Despite our hyper-political culture and our best judgment, we are going to attempt to have a conversation about the growing global spat that seems centered on the U.S. and its trade with other nations. Our ultimate goal here is to educate ourselves and others as well as decipher what the implications are for our economy and the market.
For several decades now, the trend of the leading economies in the world has been toward free trade. Stated otherwise, the U.S. sought to reduce barriers such as tariffs and national quotas that favor homegrown companies or industries with the expense borne by consumers and the competition. With fits and starts, the journey toward open trade continued until recently. It had further to go. But even before the current U.S. administration put a bullseye on trade, barriers were being erected worldwide.
A sane person asks, why? Why upset something that has reduced costs for billions of consumers? Why risk tipping the strong economy into recession?
It turns out that free trade, like all market-based economic institutions, works best when the participants operate on the same, ongoing terms. Essentially, countries should trade with partners so that both sides exchange value and are better off as a result of the transaction or relationship. In the short and long run, things are better.
We’ve had the privilege of meeting many hardworking business leaders over the years. To a person, if they’ve been involved in a market that competes with Chinese goods, they report firsthand knowledge of blatant theft of intellectual property (trademarks, patents, etc.). From autos to high technology, China’s policy seems to be 1. Import 2. Replace. So they import products long enough to copy and master the manufacturing. Then they begin to produce their own with oftentimes state-supported companies.
Furthermore, think of the most innovative, fastest growing companies in the U.S. Google? After being banned from China for many years, Google has set up a tiny footprint in the country recently. However, China requires them to utilize homegrown companies for many services, ensuring very little revenue can be earned from its billion consumers. Facebook and many other web-based services offered by U.S. companies remain barred from any operations in China.
Amazon? While it dominates the world retail market, has only 1% of China’s online market, partially due to unfair competition. Netflix? Was only allowed to enter China in 2017 via a licensing deal with a Chinese company.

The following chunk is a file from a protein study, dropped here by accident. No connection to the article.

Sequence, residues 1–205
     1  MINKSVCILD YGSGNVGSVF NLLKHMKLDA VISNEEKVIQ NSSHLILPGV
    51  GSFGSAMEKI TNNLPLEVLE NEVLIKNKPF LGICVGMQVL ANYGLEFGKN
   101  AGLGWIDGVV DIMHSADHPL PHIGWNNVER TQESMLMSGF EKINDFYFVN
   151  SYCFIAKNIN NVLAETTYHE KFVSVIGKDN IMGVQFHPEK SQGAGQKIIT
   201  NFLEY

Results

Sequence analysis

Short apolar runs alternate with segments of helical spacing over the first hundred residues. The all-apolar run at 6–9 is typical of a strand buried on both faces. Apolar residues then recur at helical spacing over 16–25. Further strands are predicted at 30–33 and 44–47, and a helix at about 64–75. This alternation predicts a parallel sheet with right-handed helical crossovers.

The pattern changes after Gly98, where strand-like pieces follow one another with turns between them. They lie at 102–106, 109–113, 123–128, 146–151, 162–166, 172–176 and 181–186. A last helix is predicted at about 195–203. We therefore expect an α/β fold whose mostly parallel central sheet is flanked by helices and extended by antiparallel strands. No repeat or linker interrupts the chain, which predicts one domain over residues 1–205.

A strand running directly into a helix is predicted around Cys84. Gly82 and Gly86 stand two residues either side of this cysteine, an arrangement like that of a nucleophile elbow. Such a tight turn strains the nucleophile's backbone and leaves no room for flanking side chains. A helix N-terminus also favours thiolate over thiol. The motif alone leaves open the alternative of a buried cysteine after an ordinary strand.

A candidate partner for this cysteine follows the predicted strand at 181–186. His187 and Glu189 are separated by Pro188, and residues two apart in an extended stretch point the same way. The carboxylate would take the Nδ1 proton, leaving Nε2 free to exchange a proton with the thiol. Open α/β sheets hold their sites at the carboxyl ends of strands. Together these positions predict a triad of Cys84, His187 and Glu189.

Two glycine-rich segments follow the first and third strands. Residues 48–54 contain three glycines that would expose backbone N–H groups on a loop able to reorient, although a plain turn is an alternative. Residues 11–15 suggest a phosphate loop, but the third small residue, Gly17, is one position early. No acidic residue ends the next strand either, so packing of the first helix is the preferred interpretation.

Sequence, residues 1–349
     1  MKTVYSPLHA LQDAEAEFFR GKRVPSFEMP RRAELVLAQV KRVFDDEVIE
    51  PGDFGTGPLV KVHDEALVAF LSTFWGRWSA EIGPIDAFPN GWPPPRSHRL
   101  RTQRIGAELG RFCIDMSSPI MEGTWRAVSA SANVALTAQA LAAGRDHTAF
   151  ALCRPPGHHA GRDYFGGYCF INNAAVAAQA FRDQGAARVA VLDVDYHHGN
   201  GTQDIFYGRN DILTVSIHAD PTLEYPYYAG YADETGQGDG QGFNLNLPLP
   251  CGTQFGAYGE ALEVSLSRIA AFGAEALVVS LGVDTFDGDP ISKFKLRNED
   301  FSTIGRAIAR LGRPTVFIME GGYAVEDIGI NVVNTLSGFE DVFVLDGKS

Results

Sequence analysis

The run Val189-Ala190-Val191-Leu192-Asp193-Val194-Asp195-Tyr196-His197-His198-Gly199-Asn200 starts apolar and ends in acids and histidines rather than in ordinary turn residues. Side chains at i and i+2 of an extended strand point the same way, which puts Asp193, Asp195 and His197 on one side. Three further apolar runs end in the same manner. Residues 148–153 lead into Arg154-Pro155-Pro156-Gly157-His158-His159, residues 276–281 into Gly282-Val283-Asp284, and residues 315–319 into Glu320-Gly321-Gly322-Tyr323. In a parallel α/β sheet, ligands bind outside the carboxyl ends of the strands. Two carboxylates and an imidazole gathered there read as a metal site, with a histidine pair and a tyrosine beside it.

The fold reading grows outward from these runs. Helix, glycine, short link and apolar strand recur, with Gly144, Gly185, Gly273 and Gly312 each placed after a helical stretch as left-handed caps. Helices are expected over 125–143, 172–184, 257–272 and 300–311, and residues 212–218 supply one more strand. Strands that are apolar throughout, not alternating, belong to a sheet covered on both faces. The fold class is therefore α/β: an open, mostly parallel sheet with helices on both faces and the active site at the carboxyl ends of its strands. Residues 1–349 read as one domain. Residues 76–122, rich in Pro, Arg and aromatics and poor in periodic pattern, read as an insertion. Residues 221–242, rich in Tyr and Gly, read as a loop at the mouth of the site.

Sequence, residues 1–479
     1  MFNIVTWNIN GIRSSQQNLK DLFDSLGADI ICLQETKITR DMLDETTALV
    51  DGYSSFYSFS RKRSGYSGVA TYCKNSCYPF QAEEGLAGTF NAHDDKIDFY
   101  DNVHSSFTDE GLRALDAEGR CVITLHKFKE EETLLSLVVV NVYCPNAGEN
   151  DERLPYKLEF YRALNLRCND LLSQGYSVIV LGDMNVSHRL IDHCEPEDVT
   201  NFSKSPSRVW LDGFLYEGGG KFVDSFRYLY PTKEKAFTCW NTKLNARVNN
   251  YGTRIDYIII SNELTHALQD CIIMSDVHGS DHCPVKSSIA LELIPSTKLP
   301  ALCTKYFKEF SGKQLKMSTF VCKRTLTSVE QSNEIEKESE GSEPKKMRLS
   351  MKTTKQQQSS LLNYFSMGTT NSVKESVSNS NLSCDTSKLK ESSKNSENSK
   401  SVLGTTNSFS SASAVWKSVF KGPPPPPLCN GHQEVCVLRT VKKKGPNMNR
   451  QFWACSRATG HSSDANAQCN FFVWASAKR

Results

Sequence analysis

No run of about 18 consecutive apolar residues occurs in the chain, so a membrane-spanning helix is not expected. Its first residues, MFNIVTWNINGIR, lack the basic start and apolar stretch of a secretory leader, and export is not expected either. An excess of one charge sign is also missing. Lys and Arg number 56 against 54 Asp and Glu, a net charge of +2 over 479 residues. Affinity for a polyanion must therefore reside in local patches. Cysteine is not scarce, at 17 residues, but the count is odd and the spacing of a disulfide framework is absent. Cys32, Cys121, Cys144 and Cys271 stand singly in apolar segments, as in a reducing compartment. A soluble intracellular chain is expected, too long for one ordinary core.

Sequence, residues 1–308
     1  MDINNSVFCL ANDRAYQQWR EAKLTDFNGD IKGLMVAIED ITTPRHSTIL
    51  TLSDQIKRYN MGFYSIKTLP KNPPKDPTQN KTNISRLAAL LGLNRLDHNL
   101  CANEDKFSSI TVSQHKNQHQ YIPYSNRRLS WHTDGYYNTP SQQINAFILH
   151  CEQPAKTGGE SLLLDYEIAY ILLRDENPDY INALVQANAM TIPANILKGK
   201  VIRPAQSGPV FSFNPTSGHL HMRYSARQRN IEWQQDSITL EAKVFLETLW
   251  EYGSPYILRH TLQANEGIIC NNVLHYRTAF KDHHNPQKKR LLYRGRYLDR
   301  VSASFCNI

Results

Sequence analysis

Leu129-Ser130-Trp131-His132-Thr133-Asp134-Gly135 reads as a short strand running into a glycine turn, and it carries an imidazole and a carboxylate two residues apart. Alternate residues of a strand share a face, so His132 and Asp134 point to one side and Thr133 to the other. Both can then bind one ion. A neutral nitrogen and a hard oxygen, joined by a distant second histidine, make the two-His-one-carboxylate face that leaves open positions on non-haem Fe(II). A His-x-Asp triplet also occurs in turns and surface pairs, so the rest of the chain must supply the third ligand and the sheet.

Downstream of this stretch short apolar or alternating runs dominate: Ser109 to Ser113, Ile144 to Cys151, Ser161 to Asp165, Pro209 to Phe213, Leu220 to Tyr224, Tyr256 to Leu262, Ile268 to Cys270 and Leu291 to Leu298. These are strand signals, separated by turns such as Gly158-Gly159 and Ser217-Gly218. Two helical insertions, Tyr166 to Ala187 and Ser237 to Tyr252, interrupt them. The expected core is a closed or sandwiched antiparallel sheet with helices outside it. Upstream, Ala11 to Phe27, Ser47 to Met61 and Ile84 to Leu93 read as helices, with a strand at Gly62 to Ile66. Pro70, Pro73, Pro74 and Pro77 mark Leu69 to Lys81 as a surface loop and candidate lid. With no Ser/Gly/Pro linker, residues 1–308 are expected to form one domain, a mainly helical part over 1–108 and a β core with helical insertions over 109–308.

We have spent some time discussing our trade with China as it is likely to continue to be the most contentious. But there remain some sticky issues even with our closer partners. Most goods between these regions have small (3-5%) tariffs to pay for customs and inspections. But the E.U. has a 10% tariff on automobiles from the U.S. We have a 2.5% tariff on European cars. Agricultural products remain a flashpoint between the U.S. and Canada (270% tariff on U.S. milk).
Finally, there are other funky things countries intentionally do to favor their own companies. This can be termed a Quiet Trade War, which has been raging for years. Some have set quotas (a ceiling on how much can be imported). Others put foreign goods through lengthy, unnecessary inspection, documentation, and safety procedures, thereby jacking up the costs. To varying degrees the U.S. has also been occasionally involved in offensive operations of its own in the Quiet Trade War.
Our research suggests that there are legitimate gripes about the fairness of global trade. Some American interests are being taken advantage of. So, perhaps the tariff battle is a viable way to bring the issue to the forefront and solve it. Perhaps not. We generally favor freer trade. But for now, we’ll leave the actual policy steps for another discussion.
Taxes and corporate fundamentals remain robust today. But interest rates are rising. And if, when companies report earnings, enough begin to guide future expectations lower due to the trade spat, we may finally have enough negative news to at last tip us into recession. However, as of this writing, we do NOT expect recession this year.
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